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Dominion Voting System’s director of product strategy and security is suing the Trump campaign and multiple right-leaning media outlets and figures after becoming the subject of conspiracy theories that he says gave way to such “constant harassment” that he was forced to go into hiding.
As reported by NPR, Eric Coomer filed suit in Colorado state court on Tuesday, alleging that he has been “baselessly accused of using his position to mastermind a high-tech plot to steal the election for President-elect Joe Biden.” Coomer accuses President Donald Trump’s presidential campaign, Trump’s attorney Rudy Giuliani, lawyer Sidney Powell, Newsmax, One America News Network, OANN reporter Chanel Rion, Michelle Malkin and others of civil conspiracy and the intentional infliction of emotional distress.
Coomer spoke to Colorado Public Radio earlier this week, telling the network that, because he is at the center of election conspiracy theories, he has become a top target of conspiracy theorists. The harassment is so bad, CPR reports, that Coomer is now holed up in an undisclosed location, having had to flee his home the week after the November contest.
“I actually am in fear for my safety,” he said in a video chat with CPR. “I’m in fear for my family’s safety. These are real, tangible things coming out of these baseless accusations.”
“I’ve been threatened more times than I could even count,” he continued. “Whether it’s the standard online trolls, voicemails that are left almost on a daily basis, being called a traitor to this country. I can’t even begin to describe what effect this has had on my life.”
“Dominion provides election equipment and software to 28 states, including the majority of the equipment used in the swing states on which Trump has focused most of his post-election ire,” CPR reports. “The company gamed out all sorts of election problem scenarios, but it wasn’t on anyone’s radar that it — and its employees — could become the target of threats.”
The issue reportedly stems from a conservative Colorado podcaster and activist who allegedly made reference to Coomer on his show, apparently accusing “Eric from Dominion” of being a member of Antifa and of having spoken publicly about undermining the 2020 presidential election.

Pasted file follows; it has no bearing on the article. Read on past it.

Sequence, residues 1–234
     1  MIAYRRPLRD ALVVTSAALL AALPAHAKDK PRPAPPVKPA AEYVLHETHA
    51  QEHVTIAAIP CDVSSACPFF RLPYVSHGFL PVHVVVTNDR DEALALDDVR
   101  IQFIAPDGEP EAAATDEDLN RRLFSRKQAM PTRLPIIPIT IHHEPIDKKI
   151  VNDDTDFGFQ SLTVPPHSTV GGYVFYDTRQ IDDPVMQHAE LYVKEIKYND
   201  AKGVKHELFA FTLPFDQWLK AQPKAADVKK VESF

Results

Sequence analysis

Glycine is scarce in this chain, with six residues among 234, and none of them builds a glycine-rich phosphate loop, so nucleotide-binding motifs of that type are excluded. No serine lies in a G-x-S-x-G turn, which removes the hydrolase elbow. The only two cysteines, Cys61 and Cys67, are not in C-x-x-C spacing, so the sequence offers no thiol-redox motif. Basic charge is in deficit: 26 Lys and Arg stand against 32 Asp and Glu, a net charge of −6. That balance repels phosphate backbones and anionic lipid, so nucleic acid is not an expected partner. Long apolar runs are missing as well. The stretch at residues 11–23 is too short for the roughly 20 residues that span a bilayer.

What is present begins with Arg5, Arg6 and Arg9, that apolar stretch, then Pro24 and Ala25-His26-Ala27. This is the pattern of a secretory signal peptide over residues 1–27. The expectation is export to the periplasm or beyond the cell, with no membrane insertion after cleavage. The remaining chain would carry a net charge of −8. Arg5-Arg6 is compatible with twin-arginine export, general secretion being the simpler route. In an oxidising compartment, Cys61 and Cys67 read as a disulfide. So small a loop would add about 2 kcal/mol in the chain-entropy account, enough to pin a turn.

Those allegations have no basis in fact, Coomer, who describes himself as largely apolitical, told NPR.
“I have a personal political opinion. I may share that with friends and family, but I have never participated or belonged to, any political groups, political action groups, social justice groups. I do not donate to political campaigns. I don’t donate to any PACs or anything like that,” he said.
After the podcast went out, though, CPR reports, outside forces zeroed in on Coomer. “An online search turns up segments on the pro-Trump outlets Newsmax and One America News Network, discussing the allegations, as well as people accusing Coomer of treason and calling for him to be publicly executed,” the outlet noted in its report earlier this week.
Coomer filed suit on Tuesday and issued his own statement explaining why he chose to pursue litigation.
“Today I have filed a lawsuit in Colorado in an effort to unwind as much of the damage as possible done to me, my family, my life, and my livelihood as a result of the numerous false public statements that I was somehow responsible for ‘rigging’ the 2020 presidential election,” Coomer said in his letter.
“The widespread dissemination of false conspiracy theories about the 2020 presidential election has had devastating consequences both for me personally and for many of the thousands of American election workers and officials, both Republican and Democratic, who put aside their political beliefs to run free, fair, and transparent elections. Elections are not about politics; they are about accurately tabulating legally cast votes,” he continued.
The suit follows closely on the heels of another threat of litigation, this one from voting machine manufacturer Smartmatic which, last week, demanded certain conservative outlets retract “false and defamatory statements” linking Smartmatic to Dominion and an alleged nationwide effort to subvert the November elections. In a statement accompanying the release of Smartmatic’s demand letters, the company’s CEO accused the media outlets of engaging in “an effort to depress confidence in future elections and potentially counter the will of the voters.”